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Do’s and don’ts of effective corporate communication

THE ABILITY to effectively build relationships and communicate with the media is a valuable skill that every organization must develop and understand to be able to wield it effectively. The media can be an important ally to help inform the public of your unique products or services, your events and activities, as well as your advocacies and campaigns—basically anything that might help you stand out from the crowd.

However, even though the media might be a reasonably accessible resource for all, some people might not be able to properly direct their efforts to take full advantage of the reach to bring their desired messages out to a wider audience.

We asked Pennie Azarcon-dela Cruz, senior desk editor of the Philippine Daily Inquirer and former executive editor of the Sunday Inquirer Magazine, some questions on how companies can relate and work with media, and here are some of tips that she shared:

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DO connect with the appropriate audience.

Avoid making the common mistake of ignoring your target audience. You should be able to tailor your announcement to the audience you’d like to reach by choosing the right format, publication and section that caters specifically to it. Do some research before sending out a one-size fits-all release to make sure that your materials are appreciated by their intended audience.

DO submit your piece complete and ready to print.

There is no absolute guarantee that your materials will be published, but one great and easy way to increase the chances of the announcement getting used is to make sure that it’s publication-ready: Submit it well before the deadline of the particular section or publication you are targeting, keep it short and accurate, and of course, grammatically impeccable so that very minimal editing would be needed.

DO NOT oversell your event, company or product.

This is a definite no-no. “Love your own” is a great corporate morale booster, but when it comes to press releases, tone down the rah-rah factor—it makes your write-up sound like an advertorial or even blatant self-promotion.

Always remember that a press release is supposed to be a simple announcement of a new product or service, an event or a significant achievement that you’d like the public to take an interest in. Present the facts briefly and accurately, and let them speak for themselves.

DO NOT get discouraged, even if you are “just” an SME.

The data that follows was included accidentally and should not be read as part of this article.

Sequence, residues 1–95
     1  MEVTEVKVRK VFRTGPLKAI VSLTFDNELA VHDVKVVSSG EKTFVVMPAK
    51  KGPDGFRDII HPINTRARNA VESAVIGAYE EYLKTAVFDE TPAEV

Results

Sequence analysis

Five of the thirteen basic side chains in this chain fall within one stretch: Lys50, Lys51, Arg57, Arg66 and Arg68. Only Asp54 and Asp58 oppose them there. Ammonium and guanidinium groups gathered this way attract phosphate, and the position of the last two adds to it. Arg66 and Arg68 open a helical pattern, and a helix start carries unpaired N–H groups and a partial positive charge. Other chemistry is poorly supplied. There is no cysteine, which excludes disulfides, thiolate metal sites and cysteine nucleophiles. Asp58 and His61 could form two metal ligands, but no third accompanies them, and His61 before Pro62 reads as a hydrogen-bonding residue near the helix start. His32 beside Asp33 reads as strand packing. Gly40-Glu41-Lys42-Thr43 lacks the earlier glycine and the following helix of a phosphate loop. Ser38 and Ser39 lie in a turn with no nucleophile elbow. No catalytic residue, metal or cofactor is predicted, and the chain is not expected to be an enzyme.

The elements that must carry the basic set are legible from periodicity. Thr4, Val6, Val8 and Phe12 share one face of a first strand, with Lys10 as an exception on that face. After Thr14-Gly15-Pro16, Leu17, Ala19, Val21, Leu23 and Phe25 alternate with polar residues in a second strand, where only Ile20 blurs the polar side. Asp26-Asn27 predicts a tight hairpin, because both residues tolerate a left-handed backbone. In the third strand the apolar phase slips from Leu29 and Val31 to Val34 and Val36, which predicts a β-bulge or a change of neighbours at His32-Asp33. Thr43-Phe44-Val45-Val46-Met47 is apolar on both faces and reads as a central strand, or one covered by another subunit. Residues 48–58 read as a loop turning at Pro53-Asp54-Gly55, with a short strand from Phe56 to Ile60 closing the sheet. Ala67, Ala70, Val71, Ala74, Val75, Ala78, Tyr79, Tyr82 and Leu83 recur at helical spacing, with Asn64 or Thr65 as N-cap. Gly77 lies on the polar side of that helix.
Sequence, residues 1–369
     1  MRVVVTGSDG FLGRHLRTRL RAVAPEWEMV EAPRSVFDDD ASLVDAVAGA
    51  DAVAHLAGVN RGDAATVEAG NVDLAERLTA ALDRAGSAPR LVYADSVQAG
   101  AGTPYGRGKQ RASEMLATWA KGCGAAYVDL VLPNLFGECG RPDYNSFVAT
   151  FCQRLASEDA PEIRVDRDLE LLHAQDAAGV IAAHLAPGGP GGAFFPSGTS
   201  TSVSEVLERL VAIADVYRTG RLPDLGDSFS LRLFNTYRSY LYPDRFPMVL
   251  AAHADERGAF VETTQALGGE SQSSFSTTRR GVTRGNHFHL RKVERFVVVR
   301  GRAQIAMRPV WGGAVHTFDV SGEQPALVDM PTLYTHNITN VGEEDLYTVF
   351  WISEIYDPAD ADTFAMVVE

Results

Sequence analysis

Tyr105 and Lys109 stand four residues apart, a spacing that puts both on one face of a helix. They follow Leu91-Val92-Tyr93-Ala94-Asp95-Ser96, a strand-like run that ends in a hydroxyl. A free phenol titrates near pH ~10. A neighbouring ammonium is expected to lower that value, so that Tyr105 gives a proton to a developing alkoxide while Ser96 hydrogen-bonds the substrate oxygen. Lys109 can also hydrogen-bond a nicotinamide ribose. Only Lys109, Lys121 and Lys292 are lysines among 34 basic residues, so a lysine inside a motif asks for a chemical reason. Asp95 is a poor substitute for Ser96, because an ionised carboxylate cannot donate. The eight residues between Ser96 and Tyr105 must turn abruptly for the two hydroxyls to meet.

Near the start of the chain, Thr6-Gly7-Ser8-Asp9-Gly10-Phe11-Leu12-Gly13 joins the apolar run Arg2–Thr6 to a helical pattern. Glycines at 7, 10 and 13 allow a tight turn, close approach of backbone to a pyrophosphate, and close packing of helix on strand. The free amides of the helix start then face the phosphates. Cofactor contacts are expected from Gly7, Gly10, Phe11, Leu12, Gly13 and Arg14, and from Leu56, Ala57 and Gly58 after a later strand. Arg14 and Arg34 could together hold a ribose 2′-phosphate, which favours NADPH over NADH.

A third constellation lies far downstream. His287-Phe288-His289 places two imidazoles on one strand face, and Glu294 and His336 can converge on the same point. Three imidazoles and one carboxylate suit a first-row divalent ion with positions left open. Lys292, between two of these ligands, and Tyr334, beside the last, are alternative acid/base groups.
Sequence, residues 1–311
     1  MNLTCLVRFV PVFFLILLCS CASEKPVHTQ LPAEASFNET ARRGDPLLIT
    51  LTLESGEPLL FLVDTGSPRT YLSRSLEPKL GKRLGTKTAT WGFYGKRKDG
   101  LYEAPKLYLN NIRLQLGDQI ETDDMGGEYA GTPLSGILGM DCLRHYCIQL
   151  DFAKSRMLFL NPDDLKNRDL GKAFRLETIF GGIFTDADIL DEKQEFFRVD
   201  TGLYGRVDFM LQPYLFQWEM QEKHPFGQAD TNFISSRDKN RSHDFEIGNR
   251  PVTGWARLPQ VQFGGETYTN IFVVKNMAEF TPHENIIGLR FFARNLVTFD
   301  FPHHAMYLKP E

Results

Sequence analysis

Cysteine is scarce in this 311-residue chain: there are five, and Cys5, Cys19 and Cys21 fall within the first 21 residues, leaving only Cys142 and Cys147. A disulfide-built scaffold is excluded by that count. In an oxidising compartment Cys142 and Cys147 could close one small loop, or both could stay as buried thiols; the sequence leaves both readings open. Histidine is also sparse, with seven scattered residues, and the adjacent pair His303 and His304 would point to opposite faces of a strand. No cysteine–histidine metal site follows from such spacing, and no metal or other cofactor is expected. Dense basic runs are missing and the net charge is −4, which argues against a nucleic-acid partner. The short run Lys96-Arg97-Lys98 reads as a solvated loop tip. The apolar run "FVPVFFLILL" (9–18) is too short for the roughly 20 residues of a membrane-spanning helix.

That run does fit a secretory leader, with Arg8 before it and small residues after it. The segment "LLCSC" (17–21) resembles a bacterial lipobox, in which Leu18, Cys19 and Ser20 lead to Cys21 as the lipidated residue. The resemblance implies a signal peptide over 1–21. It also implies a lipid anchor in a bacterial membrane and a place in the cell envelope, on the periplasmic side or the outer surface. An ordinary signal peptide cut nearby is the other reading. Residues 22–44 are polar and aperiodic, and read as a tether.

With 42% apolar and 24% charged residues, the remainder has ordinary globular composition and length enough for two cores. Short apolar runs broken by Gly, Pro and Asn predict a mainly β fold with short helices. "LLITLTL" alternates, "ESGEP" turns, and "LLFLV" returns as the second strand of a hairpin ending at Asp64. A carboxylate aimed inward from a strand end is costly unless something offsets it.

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It always helps to create a buzz that the media can’t ignore, which is really how a lot of SMEs get their big break. The best way to do this is to come up with goods and services that have a truly unique selling point—something new, novel and newsworthy.

If you’re confident enough about what you’re offering, you can have a small media launch that would showcase the distinct qualities of your product, which the media can then report on or write about.

At the same time, you can also use this launch to solicit comments and suggestions on how to further improve your product before bringing it to market.

Pennie has been writing for popular media for the past 30 years and has handled writing seminars and workshops for at least 20 years. She has a National Book Award for Anthology as well as a Quill Award for travel writing.

She will be running a workshop entitled “Effective Corporate Communications-Building Relationships with Media” on May 19 at the Inquirer Academy. The program will focus on writing effective press releases and planning press conferences, and would be ideal for entrepreneurs, PR practitioners, as well as communications and marketing professionals.

The Inquirer Academy is located at 4168 Don Chino Roces Ave. corner Ponte St., Makati City. For more information about this or any future programs, you may e-mail ask@inquireracademy.com, call (632) 834-1557 and look for Deck Salas, or visit the website at www.inquireracademy.com.

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TAGS: Business, corporate communication, economy, media, News
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